When Calvin Gregory is not in jail, he makes the streets, parks, abandoned buildings and underground garages of downtown Baltimore his home. Drug pushers and liquor stores are his neighborhood pharmacist and hospital emergency rooms his family doctor.
As do an estimated 70 percent of Baltimore's homeless, the lanky 36-year-old abuses drugs and alcohol, injecting heroin and cocaine when he can get them and drinking whiskey and cheap wine when he can't.
"It makes me feel a lot better, but really it's not good for you," Mr. Gregory says of his drug abuse. "Drugs make you steal from your family and friends, lie to people, con people. I need a break. I've been doing it too long."
But treatment is scarce for those like Mr. Gregory who have no health insurance, and it is rarely effective for people living on the streets. Even a bed is often unavailable to homeless substance abusers. Homeless shelters often eject those who are drunk or high.
Now the Mayor's Office of Homeless Services is crafting a program to provide shelter for homeless addicts and alcoholics like Mr. Gregory. It could eventually include treatment.
The city plans to contract with a nonprofit agency to open a $175,000-a-year "wet shelter" as early as this fall. Homeless substance abusers could go there at any time of the day to sleep off their drunks or drug-induced highs.
"The shelter would provide a safe haven for those who may not have chosen the road to sobriety," says Joanne Selinske, director of the Mayor's Office of Homeless Services.
"There is an absolute need for it. About 2,000 people in Baltimore City are without a home. Many have addiction problems, and there is almost no access to treatment."
A site for the "wet shelter" has not been chosen, Ms. Selinske said. That decision will likely be the key to whether the project gains needed City Council approval.
"It would be ill-received in any residential community in Baltimore, unfortunately, particularly considering the nature of the shelter," said Councilman Anthony J. Ambridge, a 2nd District Democrat.
"It's a needed facility, no question about it, but it will be very difficult to locate. It's just like any other real estate -- location, location, location."
Plan is praised
Homeless advocates and treatment professionals hail the city's plan to open a "wet shelter" -- which has been in the talking stage for about two years -- but they say it should be expanded into a "sobriety station" that would offer treatment, too.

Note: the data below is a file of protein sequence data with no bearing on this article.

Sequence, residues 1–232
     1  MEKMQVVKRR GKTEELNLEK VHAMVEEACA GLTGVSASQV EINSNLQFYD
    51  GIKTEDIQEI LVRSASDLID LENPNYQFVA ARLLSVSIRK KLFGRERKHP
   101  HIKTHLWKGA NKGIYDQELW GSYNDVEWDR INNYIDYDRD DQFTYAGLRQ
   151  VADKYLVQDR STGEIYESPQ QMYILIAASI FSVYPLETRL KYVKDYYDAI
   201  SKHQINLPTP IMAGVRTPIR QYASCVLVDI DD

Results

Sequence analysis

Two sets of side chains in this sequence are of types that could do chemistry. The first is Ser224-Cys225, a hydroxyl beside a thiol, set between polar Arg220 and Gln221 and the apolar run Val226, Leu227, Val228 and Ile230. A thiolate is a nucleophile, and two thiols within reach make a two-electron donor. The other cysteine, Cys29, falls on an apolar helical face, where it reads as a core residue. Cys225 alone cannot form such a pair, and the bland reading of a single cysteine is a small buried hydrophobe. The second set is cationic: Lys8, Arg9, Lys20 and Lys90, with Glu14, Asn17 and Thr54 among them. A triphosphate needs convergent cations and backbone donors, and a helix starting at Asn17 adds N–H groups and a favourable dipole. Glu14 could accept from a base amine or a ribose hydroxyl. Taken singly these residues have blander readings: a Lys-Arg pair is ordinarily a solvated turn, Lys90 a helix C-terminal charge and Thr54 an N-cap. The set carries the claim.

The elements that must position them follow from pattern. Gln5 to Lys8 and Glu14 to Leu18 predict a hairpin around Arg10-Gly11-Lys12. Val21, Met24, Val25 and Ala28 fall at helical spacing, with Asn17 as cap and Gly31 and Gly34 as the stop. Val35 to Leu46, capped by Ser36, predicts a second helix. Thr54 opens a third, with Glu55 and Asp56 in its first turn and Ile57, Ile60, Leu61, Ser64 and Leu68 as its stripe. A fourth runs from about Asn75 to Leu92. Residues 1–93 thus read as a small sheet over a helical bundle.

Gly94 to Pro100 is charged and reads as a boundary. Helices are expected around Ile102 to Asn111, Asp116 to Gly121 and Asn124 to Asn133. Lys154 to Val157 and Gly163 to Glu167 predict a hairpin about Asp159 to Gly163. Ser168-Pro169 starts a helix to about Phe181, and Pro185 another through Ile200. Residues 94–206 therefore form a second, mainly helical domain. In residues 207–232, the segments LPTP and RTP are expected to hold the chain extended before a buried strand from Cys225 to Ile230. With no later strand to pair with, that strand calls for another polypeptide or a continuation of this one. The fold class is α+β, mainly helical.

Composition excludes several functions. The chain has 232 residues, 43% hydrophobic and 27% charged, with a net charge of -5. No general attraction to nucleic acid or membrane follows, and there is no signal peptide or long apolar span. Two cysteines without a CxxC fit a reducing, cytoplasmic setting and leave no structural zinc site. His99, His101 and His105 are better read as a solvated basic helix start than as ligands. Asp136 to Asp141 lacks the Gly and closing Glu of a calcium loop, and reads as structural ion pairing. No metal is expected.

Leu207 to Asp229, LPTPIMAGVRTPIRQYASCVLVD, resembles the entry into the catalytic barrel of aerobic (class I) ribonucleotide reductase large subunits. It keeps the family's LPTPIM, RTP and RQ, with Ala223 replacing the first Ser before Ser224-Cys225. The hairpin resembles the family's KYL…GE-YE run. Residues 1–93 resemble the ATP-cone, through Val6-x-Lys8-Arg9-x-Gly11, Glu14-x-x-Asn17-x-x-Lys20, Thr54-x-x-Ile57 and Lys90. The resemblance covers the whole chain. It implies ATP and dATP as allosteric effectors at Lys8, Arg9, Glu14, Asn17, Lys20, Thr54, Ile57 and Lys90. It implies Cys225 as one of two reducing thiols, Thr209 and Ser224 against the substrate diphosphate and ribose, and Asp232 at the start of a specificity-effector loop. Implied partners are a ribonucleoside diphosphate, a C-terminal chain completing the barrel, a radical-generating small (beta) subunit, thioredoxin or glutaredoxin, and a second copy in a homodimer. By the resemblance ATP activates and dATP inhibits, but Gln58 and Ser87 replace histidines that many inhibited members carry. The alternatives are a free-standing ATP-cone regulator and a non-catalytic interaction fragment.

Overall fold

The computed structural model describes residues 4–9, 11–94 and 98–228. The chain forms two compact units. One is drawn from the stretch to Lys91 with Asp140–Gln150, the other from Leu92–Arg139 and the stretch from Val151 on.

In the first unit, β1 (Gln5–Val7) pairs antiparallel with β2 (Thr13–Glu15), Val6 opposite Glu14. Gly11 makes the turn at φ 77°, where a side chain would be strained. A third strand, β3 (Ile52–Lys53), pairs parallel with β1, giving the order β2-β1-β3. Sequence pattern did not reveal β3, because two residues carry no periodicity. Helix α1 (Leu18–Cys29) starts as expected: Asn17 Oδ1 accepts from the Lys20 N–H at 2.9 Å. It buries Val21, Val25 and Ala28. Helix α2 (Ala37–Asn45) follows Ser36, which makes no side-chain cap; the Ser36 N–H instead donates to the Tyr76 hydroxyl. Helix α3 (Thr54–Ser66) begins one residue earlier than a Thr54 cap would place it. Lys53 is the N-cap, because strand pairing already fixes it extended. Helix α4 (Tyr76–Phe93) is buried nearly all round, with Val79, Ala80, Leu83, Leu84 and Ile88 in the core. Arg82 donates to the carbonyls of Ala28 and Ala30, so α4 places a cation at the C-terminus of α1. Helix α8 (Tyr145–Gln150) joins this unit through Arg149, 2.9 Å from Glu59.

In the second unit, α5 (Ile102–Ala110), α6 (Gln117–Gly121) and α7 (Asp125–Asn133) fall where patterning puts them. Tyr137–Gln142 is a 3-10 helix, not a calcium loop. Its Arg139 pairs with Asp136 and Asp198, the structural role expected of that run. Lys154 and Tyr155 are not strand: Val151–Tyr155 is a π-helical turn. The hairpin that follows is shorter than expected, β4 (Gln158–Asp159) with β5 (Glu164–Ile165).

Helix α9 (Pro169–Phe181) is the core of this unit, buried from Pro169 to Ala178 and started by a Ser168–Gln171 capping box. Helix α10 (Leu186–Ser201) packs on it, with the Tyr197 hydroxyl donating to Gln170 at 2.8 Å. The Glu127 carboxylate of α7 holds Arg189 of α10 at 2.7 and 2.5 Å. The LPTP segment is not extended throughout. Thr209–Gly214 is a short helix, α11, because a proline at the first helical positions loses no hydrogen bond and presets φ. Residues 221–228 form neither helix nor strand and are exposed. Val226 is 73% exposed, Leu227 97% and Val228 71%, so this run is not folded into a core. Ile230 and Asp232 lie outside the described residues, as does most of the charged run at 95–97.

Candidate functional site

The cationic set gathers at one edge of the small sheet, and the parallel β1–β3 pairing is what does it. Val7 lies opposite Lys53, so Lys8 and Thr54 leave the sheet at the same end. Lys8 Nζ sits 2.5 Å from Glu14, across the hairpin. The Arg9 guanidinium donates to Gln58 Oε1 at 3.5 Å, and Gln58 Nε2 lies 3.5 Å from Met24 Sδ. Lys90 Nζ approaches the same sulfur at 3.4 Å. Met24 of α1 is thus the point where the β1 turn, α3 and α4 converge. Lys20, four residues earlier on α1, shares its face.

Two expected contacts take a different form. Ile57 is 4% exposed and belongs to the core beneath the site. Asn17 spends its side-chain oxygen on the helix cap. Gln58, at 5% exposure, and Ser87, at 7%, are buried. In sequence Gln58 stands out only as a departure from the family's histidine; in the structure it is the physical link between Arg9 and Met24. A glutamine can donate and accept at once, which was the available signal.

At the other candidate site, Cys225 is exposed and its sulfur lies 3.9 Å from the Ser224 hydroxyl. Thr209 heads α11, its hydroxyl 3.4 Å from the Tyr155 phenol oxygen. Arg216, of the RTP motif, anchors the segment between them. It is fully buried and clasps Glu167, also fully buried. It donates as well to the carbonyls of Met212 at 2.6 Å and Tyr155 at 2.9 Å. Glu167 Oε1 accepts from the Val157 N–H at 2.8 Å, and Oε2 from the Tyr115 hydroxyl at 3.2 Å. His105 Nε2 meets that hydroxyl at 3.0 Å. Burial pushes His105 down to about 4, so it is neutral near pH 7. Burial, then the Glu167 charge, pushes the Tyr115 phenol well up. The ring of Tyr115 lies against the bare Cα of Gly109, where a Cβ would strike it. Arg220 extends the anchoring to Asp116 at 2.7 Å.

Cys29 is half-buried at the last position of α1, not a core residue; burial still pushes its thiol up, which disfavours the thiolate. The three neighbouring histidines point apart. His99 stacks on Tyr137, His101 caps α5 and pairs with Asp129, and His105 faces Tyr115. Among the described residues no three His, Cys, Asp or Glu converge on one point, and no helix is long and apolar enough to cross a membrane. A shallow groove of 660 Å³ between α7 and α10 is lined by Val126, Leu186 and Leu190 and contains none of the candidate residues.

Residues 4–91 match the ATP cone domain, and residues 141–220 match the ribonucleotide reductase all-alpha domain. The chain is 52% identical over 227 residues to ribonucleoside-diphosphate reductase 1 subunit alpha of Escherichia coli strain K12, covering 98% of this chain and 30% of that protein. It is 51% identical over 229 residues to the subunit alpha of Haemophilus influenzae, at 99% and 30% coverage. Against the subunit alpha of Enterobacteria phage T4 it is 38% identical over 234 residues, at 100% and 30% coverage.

"I would guess that [$175,000] is enough money to have a place for people who are intoxicated to go and be out of the way of merchants and tourists downtown. That's helpful and important," says Jeff Singer, director of community relations for Health Care for the Homeless Inc. "But we're going to need more money to treat homeless people's addictions."
Mr. Singer says that city government and downtown businesses should come up with more funds to attain advocates' original goal of using the shelter as a gateway to addictions treatment for homeless people who have not prospered in traditional programs.
Because state and federal budget cuts have trimmed substance-abuse treatment, experts say, homeless alcoholics and addicts often get no care at all until they have a medical problem that is severe enough to take them to hospital emergency rooms.
Calvin Gregory says he has received emergency treatment for infections, swellings and a heroin overdose. "I owe hospitals so much money it's a shame," he says.
Bottom line cited
Dr. Pamela J. Fischer, an associate professor of psychiatry at the Johns Hopkins School of Medicine who has studied Baltimore's homeless, says it "costs a lot less to take care of people in a humane way rather than throwing them onto the streets and letting them get all their services from an emergency room."
"The bottom line, ethically speaking, is that no human being should be considered disposable," she said.
"It's unfair to deny people basic shelter when they most need it. This shouldn't be looked at as supporting people in an immoral lifestyle."
Since state budget cuts wiped out nonhospital detoxification programs in 1991, the Baltimore Rescue Mission on North Central Avenue has been the largest source of nonmedical detox in the city. More than 800 people went through withdrawal at the mission last year, some of them many times.
"It's a five-day, cold-turkey dry-out. We provide Christian counseling throughout that period," says Charles Buettner, who runs the huge mission.
"What you might call success stories are minimal. We're a stopgap. We're here to keep these people from dying on the streets."
Mr. Buettner, a recovering alcoholic, regards alcoholism and drug addiction as a sin and salvation through Christ as the only answer. He is skeptical that the city's "wet shelter" will be successful.
"If the city can get the funds, I'm not against them helping people, but without requiring a certain time of sobriety, you're not helping people at all," he said.